Bankruptcy; Foreclosures and Servicing

New CFPB servicing regulations go far beyond those previously promulgated by HUD. These regulations have important implications for borrowers in bankruptcy. This lengthy article focuses on the important changes the new servicing rules will have for homeowners filing bankruptcy. Subsequent articles will examine the new regulations more broadly.

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TILA Rescission Tender Using Installment Payments

by Andrew Pizor
NCLC eReports, June 2013, No. 1
Truth in Lending

A New York state trial court has recently found that the TIL rescission tender requirement could be met by the homeowner making installment payments, using HAMP guidelines to structure the installments. The decision has just been upheld on appeal.

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Limiting the Applicability of New Eleventh Circuit TIL Rescission Case

by Andrew Pizor
NCLC eReports, May 2013, No. 9
Truth in Lending

This article argues for a limited applicability of a recent Eleventh Circuit decision finding no right to rescind despite material disclosure violations.

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HAMP Extended Through December 31, 2015

by Diane Thompson
NCLC eReports, May 2013, No. 8
Foreclosures and Servicing; Mortgage Loans

The HAMP home loan modification program has been extended another two years, through December 31, 2015.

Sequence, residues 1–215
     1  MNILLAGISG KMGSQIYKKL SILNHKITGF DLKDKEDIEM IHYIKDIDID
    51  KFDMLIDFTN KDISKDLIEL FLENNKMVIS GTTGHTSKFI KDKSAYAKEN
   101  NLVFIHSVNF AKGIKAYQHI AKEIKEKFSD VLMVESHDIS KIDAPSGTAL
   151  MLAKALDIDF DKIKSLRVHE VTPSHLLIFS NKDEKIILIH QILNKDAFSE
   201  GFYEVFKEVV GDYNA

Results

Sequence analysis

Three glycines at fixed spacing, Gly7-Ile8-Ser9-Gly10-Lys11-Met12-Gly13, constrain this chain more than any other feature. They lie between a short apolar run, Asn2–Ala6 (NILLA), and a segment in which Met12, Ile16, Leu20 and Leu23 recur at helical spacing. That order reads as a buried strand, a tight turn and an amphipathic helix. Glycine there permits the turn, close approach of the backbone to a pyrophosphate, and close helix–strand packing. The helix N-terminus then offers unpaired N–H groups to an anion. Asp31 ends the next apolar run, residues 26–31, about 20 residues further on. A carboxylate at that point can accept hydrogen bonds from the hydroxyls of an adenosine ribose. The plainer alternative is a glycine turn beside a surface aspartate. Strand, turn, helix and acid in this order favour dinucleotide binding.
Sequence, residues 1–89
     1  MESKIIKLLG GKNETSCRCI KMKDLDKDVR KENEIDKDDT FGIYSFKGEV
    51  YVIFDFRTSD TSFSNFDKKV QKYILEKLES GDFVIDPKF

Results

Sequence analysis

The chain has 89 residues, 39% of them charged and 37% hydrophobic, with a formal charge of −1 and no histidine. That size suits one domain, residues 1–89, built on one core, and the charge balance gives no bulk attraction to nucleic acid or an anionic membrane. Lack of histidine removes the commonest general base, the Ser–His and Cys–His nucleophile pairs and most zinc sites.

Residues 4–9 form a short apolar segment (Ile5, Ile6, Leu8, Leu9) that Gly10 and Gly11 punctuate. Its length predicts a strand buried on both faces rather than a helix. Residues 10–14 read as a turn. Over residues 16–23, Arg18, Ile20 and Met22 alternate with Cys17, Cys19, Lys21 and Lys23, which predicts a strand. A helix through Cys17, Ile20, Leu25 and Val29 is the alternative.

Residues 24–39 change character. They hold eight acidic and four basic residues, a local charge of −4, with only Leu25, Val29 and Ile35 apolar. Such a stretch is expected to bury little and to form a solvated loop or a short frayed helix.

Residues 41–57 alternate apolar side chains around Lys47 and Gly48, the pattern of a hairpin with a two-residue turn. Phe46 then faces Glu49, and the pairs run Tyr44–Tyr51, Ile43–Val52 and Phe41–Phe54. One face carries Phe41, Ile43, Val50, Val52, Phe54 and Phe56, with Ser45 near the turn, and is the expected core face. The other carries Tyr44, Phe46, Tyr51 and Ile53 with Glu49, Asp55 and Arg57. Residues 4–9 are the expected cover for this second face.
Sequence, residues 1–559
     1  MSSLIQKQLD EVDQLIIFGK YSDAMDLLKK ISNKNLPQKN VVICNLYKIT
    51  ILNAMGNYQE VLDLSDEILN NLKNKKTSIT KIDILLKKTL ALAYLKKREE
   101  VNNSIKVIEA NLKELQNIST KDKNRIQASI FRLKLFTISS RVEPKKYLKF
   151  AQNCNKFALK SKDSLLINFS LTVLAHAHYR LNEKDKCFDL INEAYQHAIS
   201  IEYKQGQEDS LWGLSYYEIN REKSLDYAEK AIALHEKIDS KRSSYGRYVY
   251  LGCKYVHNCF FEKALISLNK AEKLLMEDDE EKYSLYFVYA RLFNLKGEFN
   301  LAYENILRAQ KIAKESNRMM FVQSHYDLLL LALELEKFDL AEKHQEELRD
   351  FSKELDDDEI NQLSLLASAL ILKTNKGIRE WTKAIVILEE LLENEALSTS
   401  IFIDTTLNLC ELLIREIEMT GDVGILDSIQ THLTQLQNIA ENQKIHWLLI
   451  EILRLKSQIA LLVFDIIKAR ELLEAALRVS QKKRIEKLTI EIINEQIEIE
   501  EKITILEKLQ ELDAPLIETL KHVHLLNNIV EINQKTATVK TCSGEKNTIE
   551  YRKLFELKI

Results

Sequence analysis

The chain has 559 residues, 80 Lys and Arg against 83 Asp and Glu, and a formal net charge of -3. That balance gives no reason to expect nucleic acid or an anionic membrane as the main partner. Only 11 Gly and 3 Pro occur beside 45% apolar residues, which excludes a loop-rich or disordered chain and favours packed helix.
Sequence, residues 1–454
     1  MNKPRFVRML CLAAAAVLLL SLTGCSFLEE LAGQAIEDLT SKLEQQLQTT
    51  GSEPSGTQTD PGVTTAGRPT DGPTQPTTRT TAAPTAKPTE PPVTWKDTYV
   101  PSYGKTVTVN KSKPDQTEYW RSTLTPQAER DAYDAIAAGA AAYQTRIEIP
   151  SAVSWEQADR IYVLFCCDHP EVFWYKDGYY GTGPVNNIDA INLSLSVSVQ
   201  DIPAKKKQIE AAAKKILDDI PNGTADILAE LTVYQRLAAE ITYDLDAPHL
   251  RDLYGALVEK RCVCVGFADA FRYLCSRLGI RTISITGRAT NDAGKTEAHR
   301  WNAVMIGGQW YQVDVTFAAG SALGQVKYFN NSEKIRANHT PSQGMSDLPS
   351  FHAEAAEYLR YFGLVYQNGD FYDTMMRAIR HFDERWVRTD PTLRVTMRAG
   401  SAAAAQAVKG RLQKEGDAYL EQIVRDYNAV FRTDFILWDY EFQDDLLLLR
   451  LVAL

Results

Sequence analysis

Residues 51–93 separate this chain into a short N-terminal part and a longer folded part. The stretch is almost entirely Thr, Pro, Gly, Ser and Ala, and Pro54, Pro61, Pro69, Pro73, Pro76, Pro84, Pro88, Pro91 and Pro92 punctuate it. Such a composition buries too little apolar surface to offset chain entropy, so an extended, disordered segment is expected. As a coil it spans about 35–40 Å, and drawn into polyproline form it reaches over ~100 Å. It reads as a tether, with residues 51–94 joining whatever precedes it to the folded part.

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Second Circuit: FDCPA Violated Where Collection Notice Requires a Writing to Dispute the Debt

by Robert Hobbs
NCLC eReports, May 2013, No. 7
Debt Collection

A May 29 Second Circuit decision provides that a consumer's dispute of a debt need not be in writing, and that requiring such a writing is an FDCPA violation. In addition, the decision implies that other consumer communications with collectors asserting rights need not be in writing either.

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May 2013 Release of Second Edition of Bankruptcy Basics

by Jon Sheldon
NCLC eReports, May 2013, No. 6
NCLC Announcements; Bankruptcy

Bankruptcy Basics is a step-by-step guide for attorneys filing their first bankruptcy case and for paralegals under an attorney’s supervision. In May, NCLC released a Second Edition, updated with the latest forms, rules, dollar amounts and other requirements.